Get changed. Perhaps you've noticed those green Coinstar machines at the front of your local supermarket (these days, likely being used by an older person trying to scrape together enough to buy some saltine crackers and a scratch ticket). Not everyone is aware of this, but these machines also offer gift cards from several major retailers, both brick-and-mortar stores like Lowe's and online-only retailers like Amazon. Coinstar charges a transaction fee of around 9% if you turn your coins into cash, but if you turn them into a gift card no fee is charged, so you get the full value of your coinage.

In the mood for a cup of coffee? You can turn your pennies into a Starbucks card. Want to see a movie? Get a card for AMC Theatres. Itching for some new music? They even have iTunes gift cards. Other choices include Eddie Bauer, Old Navy, Borders, CVS, Overstock.com, and a few more. I'd imagine that Coinstar is actively pursuing other such partnerships, so the selection is likely to improve over time, though when I was using the machine at our local Stop & Shop, the Mrs. wondered why you couldn't redeem coins for a Stop & Shop gift card, which is a very good point.

I am one of those people who tends to save up change for a long time. I used to then put it into rolls and deposit it in my bank account. Thanks to the Coinstar machine, I was able to avoid that huge waste of time; I had enough change to get an Eddie Bauer gift card that I used to buy a badly-needed pair of shearling-lined slippers, and I paid only the shipping charge (because the slippers were on clearance, I was afraid they would be gone if I waited for the next free shipping promotion, which would have made it an even better deal).

You do have to have at least $5 in change to get any sort of gift card. One other potential drawback worth mentioning is that you kind of have to know in advance what you want, or at least what store you want to shop at. Also, the selection of gift card choices can vary from machine to machine; your best bet is to use the Coinstar web site to search for machines in your area (the site tells you what cards are available in each machine, which is actually pretty handy).

It's also worth noting that Coinstar recently purchased Redbox, the company behind those other machines at the front of the supermarket, so I would think that you'll be able to turn your loose change into movie rentals at some point in the not-too-distant future.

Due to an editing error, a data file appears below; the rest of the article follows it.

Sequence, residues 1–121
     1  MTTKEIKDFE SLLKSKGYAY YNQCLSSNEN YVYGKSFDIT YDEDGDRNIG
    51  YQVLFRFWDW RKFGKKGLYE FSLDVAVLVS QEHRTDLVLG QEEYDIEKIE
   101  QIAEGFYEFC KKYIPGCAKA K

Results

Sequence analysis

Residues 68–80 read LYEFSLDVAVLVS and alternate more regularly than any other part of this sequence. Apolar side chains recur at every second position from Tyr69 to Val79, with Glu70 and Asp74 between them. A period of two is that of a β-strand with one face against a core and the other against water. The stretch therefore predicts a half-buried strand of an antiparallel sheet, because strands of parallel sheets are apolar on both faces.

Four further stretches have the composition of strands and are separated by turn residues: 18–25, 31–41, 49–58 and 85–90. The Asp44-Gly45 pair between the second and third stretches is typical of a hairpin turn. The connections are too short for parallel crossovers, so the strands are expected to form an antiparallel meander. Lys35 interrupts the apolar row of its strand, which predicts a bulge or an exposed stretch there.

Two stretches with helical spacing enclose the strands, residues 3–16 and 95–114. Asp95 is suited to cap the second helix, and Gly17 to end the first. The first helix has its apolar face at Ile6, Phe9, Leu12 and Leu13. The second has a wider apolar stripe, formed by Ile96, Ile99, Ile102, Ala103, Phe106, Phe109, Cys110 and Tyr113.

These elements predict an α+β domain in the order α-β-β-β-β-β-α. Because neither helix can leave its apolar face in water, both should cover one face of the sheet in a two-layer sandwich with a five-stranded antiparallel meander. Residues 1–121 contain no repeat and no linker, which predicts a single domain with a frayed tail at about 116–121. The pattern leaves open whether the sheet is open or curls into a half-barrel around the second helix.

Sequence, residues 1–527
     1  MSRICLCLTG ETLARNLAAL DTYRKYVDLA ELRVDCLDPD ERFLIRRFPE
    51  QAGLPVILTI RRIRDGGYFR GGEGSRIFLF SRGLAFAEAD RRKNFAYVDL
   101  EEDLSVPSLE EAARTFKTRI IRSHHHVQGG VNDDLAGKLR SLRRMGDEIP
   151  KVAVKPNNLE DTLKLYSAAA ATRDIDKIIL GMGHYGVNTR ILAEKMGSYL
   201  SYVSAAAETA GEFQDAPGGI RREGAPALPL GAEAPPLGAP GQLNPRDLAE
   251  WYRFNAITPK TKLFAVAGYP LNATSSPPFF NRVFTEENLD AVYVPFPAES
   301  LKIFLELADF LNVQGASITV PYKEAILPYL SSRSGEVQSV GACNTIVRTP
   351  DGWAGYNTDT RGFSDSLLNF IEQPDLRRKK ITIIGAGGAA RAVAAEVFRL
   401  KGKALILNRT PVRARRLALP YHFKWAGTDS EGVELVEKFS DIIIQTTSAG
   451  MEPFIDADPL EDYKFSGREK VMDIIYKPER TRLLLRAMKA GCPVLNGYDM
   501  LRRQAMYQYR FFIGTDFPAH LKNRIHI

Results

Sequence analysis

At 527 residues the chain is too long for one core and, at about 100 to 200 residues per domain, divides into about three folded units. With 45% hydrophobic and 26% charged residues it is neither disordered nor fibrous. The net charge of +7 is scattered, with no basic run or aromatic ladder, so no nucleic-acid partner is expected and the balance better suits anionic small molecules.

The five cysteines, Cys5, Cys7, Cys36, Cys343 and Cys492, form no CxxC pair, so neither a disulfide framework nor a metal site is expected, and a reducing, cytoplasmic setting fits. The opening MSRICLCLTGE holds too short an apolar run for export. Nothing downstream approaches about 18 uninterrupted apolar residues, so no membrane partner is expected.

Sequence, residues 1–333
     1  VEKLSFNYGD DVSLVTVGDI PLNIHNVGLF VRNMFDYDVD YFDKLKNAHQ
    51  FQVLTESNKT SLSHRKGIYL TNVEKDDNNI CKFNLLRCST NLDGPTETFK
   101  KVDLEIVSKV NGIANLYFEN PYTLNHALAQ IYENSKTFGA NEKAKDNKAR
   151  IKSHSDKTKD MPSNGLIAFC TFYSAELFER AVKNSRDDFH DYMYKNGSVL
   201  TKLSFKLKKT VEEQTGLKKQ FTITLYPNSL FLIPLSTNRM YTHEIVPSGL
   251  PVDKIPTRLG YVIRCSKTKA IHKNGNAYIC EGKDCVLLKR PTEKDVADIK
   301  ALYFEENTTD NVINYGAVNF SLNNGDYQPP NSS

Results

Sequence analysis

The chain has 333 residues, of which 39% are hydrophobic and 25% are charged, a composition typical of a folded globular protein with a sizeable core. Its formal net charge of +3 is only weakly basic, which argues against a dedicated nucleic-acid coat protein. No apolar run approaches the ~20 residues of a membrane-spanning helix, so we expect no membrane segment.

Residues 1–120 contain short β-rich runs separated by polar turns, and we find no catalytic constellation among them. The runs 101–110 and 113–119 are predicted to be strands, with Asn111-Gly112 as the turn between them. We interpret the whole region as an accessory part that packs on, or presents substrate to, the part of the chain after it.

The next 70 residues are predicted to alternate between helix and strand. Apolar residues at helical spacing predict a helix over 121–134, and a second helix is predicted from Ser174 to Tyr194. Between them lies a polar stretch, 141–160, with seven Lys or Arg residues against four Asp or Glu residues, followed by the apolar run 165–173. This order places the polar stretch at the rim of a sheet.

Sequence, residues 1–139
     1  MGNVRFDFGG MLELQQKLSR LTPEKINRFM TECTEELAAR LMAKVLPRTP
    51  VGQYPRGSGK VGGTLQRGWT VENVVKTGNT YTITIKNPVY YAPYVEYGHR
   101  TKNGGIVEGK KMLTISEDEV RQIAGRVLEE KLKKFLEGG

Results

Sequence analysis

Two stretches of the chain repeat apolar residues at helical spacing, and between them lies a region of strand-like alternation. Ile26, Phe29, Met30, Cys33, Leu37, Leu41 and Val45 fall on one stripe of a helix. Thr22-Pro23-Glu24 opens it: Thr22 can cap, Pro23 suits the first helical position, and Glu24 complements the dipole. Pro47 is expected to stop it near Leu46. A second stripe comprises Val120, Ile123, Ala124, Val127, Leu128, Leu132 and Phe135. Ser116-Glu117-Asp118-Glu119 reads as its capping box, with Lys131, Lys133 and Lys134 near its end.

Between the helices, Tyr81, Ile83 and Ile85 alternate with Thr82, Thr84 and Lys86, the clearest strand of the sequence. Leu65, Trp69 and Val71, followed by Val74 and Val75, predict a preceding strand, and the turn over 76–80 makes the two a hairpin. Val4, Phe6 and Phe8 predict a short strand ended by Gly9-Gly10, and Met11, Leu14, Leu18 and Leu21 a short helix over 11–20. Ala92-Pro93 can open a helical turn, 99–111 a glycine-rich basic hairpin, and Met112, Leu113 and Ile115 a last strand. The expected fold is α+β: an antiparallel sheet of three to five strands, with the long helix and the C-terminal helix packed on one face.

23 February 2009

The Virtues of Thrift

I had hoped to get something else up before the end of the work week, but deadlines took precedence. And it wasn't exactly a hectic weekend, so there wasn't any good reason for me not to post then. Mea culpa.

With all sorts of horrible financial news assaulting us pretty much daily, I thought I would share a few tips on how I lead what I consider a comfortable lifestyle without overspending. I decided to break up the post into daily (sort of) bite-size pieces, and I'll post one every day this week.

Sell some stuff. I recently sold a couple of items on eBay, one of which was a vintage watch that brought in nearly $200. I then used that money, in the form of a PayPal balance, to buy other things. Some of it was stuff I needed, some was stuff I just wanted. Among other things, I got the DVD set of the first season of Mad Men, and a couple of new cashmere sweaters for $20 each.

One caveat about buying sweaters on eBay: a lot of people seem to have a tendency to put their sweaters on hangers, which is terrible, because it causes a sweater to stretch out of shape. A sweater should never be stored on a hanger. Sometimes they do this just to take the pictures, but you can bet sometimes it gets left on the hanger for weeks or months. If it's an extreme case, you may be able to tell just by looking at the photos, but if you think you might want to wear something to work or on any occasion when you want to look good, it might be worth your time to ask the seller how the sweater has been treated. Now, some people might say, "If you're only spending $20 what's the difference?" but it's your money, and a bargain isn't really a bargain if it's all stretched out and fits poorly and you end up not wearing it or having to give it away.

If you use PayPal to make a purchase there is no fee or service charge, but if you are the seller then PayPal does take a cut. Some people bristle at this, but it's a cost of doing business, just like stores and catalogs and online retailers have to pay a credit card processing fee. But the nice thing about having a PayPal balance is that you don't have to use it only on eBay. Many sites now accept PayPal as a form of payment, so if you've been a lucky seller you have some flexibility. I was able to use part of my PayPal balance to add an auxiliary hard drive to my TiVo, which roughly quadrupled its recording capacity. Just what he needs, you're thinking, and you're probably right, but it's too late.

One other thing about selling on eBay: be very specific about who can, or cannot, make a purchase from you. I learned this the hard way during my most recent couple of auction sales. The high bidder for the watch I sold had a perfect feedback rating, but after the auction ended and I didn't receive payment for a couple of days, I went and checked the buyer information and found that the person had shut down his/her eBay account and disappeared. Nice.

I was able to make a second-chance offer to the next-highest bidder, who happened to be in Spain. I had specified in the auction listing that I would only ship the item to a US address, but now, thanks to an unsavory bidder, I was no longer in control of the outcome. I could deal with sending the watch overseas, or start over with a relisted item. Fortunately, the second-chance bidder was very conscientious about answering my emails, and agreed to pay a higher shipping fee to cover the added costs and the extra time I would need to invest in completing the transaction.